Graduates enjoy high rate of employment and rising pay

More than nine out of 10 university graduates in Australia are in full-time jobs three years after finishing their degree and graduates have also enjoyed strong growth in their salaries, with an average starting salary of AU$58,700 (US$39,500) growing to AU$72,800 (US$49,000) after just three years in the workforce, according to new data released by the government.

The graduate unemployment rate is just 3.3%, well below the national average of 5.3%.

The data was released less than a week after Minister for Education Dan Tehan announced that graduate employment outcomes will be the most important factor under the performance-based funding model for universities.

Tehan said the 2019 Graduate Outcomes Survey – Longitudinal report demonstrated the value of the Morrison government’s focus on job creation.

“More than 250,000 jobs were created last year and this data shows that university graduates are key beneficiaries,” Tehan said. “Universities are a key driver of job creation, job growth and productivity improvements in this nation.”

The strong jobs picture holds nationally for graduates across the university system, with some variation due to local labour market conditions, Universities Australia said.

Universities Australia Chief Executive Catriona Jackson said it was good to see the continuing recovery of the labour market since the global financial crisis – with graduates especially well placed.

“To continue to strengthen the Australian economy, to create new jobs and grow new industries, universities are our engines of growth,” she said.

“Highly skilled graduates and university research breakthroughs are vital economic assets for the nation – seeding new jobs, lifting labour productivity and keeping jobs in Australia that may otherwise go offshore.”

Postgraduates perform strongly

The data shows 90.1% of students who graduated in 2016 were in full time jobs by 2019. The results were even stronger for people who did a postgraduate coursework degree – with 86% in full time jobs four months after graduating and 93% within three years.

Jackson said for every extra level of education attained beyond high school, people’s earnings rose on average and their chances of being jobless fell.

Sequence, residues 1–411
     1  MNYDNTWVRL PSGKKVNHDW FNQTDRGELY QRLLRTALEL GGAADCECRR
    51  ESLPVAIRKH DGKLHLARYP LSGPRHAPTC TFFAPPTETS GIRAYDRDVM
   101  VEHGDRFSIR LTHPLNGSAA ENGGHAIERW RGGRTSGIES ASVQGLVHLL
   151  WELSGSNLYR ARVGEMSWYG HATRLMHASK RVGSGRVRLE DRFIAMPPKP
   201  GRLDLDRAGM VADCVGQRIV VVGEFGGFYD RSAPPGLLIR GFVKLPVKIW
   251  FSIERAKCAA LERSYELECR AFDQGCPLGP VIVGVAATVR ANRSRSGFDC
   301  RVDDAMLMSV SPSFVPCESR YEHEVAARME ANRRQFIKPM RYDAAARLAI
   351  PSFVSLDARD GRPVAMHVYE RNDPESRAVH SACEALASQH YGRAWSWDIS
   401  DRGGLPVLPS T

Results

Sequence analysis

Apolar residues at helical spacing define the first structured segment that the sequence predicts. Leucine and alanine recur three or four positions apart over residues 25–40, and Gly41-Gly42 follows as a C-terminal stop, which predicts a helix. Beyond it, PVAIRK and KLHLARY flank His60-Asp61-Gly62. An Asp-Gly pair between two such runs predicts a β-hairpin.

“If you have a university degree, you are also two and a half times less likely to be jobless than if you had no education beyond school,” she said.

The survey of more than 40,000 graduates also confirmed that more than three-quarters of graduates were working as managers or professionals.

Dentistry produces the most employable graduates, with 99% of graduates in full-time employment three years after completing their studies, followed by medicine (98%), rehabilitation (98%), veterinary science (96%), engineering (95%) and law (95%).

Graduates with more generalist degrees – such as the sciences and the humanities – often took a little longer initially to find full-time jobs, but were employed at similar rates within three years.

Performance-based funding model

Tehan said on Tuesday that putting graduate employment outcomes at the centre of the performance-based funding model for universities means universities will be “incentivised to continue to produce job-ready graduates”.

The government will provide additional funding for universities through the Commonwealth Grant Scheme (CGS) in line with both the population growth of the 18- to 64-year-old cohort and performance under the performance-based funding model.

Performance will be assessed across four measures: graduate employment outcomes, student success and retention rates, student satisfaction with their university experience, and participation of Indigenous, low socio-economic status, and regional and remote students. Graduate employment outcomes will account for 40% of funding, with the other three measures weighted at 20% each.

Starting in 2020, performance-based funding will determine more than AU$80 million in CGS funding, growing over following years to 7.5% of CGS for domestic non-medical bachelor degree level students at public universities.

Tehan said the government is providing record funding to universities of more than AU$17 billion this year. “This includes access to around AU$7 billion of funding a year through the Commonwealth Grant Scheme driven by their ability to attract and retain students,” Tehan said.

He said the productivity gains from improving graduate employment outcomes and lifting completion rates are worth an estimated AU$3.1 billion a year by 2030.

“Importantly, our model is not punitive. Where a university does not meet its performance target, it will be supported to improve performance.”

The funding model will be reviewed in 2020 and 2023.

Jackson stressed that universities had worked with government to negotiate the complex scheme and thanked Tehan for his “consistent reaffirmation that the intent of the scheme is not to be punitive – but rather seeks to support all universities to perform highly”.

“We know prevailing economic conditions are the strongest determinant of jobs across the economy, and job prospects for graduates follow the curve of that trajectory very closely,” she said. “We appreciate the government’s understanding of that relationship and the need for a strong economy as the single most powerful factor that shapes whether our graduates can find work.”